• Cork – a 100% natural product that can be harvested from the same tree every 18 years or so (using only the bark of the tree). Cork insulation sheets are moisture resistant and offer great thermal and acoustical characteristics.
Expanded cork insulation is a natural material that nevertheless requires sophisticated processing to be an effective insulating material. It is naturally moisture resistant and more fire resistant than polyisocyanurate and polystyrene foam board insulation. The cost to achieve R-19 would be 3 to 5 times the cost of polyiscyanurate and 2.5 to 2.75 that of extruded polystyrene boards (courtesy The Future Build).
• Soy-Based Spray Foam – one of the problems with cork boards or even wool or cotton batts is that they don't always cover the tiniest crevices in a wall or around pipes, which is why many homeowners prefer a spray foam. Soy-based spray foam is a much more eco-friendly material than traditional types of spray foam, and it is mold and moisture resistant as well as non-flammable.
If you want to use a spray foam insulation in your home but are concerned about off-gassing and hydorfluorcarbons, you might consider a spray foam that is soy-based, Though not 100% soy, it reduces the amount of petroleum products used and is applied using water, so it is less toxic. The materials costs approximately 3 times more than traditional spray insulation (courtesy International Association of Certified Home Inspectors).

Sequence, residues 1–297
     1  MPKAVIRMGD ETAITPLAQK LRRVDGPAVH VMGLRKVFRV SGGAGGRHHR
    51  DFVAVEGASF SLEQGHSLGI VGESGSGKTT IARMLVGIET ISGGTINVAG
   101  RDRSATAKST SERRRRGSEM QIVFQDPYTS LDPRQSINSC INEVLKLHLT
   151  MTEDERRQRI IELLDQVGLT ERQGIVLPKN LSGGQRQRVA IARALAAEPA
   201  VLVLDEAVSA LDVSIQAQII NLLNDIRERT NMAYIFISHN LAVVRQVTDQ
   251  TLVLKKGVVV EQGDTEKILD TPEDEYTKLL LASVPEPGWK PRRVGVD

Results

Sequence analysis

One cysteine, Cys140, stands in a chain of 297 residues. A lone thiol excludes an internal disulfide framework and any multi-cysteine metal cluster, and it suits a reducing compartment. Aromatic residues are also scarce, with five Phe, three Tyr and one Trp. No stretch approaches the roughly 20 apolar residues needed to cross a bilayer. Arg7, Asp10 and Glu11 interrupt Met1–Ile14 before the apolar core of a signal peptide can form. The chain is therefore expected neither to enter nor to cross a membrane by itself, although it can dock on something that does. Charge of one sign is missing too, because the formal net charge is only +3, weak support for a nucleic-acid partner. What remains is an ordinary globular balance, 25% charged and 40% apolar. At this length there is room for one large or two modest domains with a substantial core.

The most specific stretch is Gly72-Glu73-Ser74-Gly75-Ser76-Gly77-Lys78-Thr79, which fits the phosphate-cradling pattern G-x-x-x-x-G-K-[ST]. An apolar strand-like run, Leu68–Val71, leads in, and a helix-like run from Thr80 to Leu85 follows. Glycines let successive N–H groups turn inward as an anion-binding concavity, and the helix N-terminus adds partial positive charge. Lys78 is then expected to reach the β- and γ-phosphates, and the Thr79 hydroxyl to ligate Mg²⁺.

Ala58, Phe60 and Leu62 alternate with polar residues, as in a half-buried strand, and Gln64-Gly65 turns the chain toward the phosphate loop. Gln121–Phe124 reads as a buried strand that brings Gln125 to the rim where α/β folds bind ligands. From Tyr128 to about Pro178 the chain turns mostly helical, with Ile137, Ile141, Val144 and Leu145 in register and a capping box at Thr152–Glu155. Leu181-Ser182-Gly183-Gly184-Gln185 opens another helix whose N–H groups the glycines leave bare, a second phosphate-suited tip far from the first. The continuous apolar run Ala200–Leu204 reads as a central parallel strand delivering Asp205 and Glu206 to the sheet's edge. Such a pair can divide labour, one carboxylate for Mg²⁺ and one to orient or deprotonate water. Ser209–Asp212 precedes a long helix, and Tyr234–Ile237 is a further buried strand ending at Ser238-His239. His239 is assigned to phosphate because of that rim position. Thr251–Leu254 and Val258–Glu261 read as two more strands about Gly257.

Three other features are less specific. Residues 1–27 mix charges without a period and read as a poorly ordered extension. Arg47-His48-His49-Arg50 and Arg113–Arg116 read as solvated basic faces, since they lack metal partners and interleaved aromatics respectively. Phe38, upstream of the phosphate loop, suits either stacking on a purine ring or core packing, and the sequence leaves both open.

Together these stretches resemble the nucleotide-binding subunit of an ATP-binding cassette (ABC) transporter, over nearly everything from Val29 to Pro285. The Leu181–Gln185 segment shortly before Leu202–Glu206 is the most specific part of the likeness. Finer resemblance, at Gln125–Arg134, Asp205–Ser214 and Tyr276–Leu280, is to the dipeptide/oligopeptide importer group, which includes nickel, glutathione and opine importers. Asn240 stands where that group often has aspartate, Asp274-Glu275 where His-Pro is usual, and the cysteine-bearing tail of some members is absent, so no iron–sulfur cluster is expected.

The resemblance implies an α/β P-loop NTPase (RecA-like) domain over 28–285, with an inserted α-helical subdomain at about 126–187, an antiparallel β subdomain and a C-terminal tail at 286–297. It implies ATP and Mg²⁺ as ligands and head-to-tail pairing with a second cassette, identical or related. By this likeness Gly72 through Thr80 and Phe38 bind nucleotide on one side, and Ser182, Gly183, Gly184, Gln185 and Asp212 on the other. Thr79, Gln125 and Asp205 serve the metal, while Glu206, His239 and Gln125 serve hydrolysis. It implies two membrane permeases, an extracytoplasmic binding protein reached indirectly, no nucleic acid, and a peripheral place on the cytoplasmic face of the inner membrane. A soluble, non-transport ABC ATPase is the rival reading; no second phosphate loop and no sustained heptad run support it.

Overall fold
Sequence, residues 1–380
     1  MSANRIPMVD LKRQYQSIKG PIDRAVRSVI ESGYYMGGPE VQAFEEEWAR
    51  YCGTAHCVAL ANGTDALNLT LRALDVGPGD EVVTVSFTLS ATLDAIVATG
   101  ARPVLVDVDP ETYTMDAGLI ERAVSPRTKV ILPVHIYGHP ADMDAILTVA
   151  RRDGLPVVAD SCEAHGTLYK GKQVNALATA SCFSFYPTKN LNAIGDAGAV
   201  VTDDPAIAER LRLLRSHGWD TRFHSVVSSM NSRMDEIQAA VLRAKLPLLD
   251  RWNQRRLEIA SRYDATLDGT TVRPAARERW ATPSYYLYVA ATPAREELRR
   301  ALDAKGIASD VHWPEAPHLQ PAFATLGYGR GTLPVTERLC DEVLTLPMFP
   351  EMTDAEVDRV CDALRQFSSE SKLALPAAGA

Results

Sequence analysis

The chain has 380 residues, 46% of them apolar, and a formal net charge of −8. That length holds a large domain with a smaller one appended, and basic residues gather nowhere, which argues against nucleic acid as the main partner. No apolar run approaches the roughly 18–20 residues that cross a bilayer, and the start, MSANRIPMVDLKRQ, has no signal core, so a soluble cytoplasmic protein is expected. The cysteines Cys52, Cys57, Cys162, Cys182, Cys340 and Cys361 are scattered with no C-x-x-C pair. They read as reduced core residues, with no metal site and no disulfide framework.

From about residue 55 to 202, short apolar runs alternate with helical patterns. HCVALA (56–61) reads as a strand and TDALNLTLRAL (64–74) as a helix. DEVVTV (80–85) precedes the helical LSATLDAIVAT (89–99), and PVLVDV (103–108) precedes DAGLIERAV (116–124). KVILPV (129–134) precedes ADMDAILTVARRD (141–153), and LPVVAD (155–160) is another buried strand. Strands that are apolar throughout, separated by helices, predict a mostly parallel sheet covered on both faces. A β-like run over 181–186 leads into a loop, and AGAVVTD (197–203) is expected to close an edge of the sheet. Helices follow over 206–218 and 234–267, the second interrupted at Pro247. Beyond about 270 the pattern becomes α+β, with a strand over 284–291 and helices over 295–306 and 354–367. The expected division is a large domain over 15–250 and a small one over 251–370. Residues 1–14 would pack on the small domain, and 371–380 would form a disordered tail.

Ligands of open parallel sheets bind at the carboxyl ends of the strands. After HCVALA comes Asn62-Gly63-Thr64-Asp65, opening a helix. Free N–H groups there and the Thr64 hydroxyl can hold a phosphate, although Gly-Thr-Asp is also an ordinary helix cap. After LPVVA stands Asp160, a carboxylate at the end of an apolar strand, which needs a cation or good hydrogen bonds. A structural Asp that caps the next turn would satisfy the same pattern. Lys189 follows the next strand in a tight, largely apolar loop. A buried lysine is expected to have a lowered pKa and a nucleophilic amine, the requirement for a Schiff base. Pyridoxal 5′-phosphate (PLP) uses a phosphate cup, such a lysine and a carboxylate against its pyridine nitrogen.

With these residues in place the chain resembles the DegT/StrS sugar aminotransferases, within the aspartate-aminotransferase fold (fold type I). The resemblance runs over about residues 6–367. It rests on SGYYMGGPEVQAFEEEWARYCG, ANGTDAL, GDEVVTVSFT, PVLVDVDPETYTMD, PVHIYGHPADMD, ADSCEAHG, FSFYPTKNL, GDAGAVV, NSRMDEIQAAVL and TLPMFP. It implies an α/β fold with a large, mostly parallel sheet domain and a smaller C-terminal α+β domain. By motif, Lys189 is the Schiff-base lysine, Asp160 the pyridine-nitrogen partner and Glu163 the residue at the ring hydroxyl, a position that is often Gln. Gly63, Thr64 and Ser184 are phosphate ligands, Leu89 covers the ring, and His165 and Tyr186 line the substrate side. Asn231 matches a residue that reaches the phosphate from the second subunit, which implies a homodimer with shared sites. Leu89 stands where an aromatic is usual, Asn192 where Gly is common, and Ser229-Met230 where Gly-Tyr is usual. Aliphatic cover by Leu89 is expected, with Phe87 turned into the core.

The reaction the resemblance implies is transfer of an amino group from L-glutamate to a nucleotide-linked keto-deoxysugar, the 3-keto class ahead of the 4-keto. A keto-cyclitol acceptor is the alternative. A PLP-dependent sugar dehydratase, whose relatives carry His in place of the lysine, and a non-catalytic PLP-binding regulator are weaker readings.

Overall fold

With so many alternative options available (not to mention others such as recycled plastic bottles and more) it may seem dumbfounding that polystyrene foam and fiberglass are still the most common insulating options today.
Alternative Insulation a Reality?
The two main factors holding down alternative insulation materials from cornering the market are cost and availability. Approximately 9 out of 10 building contractors would prefer using wool or cotton over itchy and irritating fiberglass batts, but it's hard to pass on a price markup of two to three times to the homeowner. Using cork boards compared with polyisocyanurate foam sheets will come at a price differential that is five times higher. In addition, unfortunately, there aren't any significant increases in R-value when using one product compared with the other.
These alternative insulation types are also harder to come by than fiberglass batts, foam boards, or even blown-in cellulose, which all can be obtained at your local hardware store.
Homeowners who are striving to build their house as green as possible have been driving the market for these alternative insulation materials. For the majority, however, the cost advantages of traditional materials are too much to overcome.
It won't be like that forever, however, so don't be sad when those old jeans don't fit anymore – they may insulate your house someday.
Footnote: the photograph at the bottom right of the lead image is of cellulose being blown into an attic space. For more information, click here.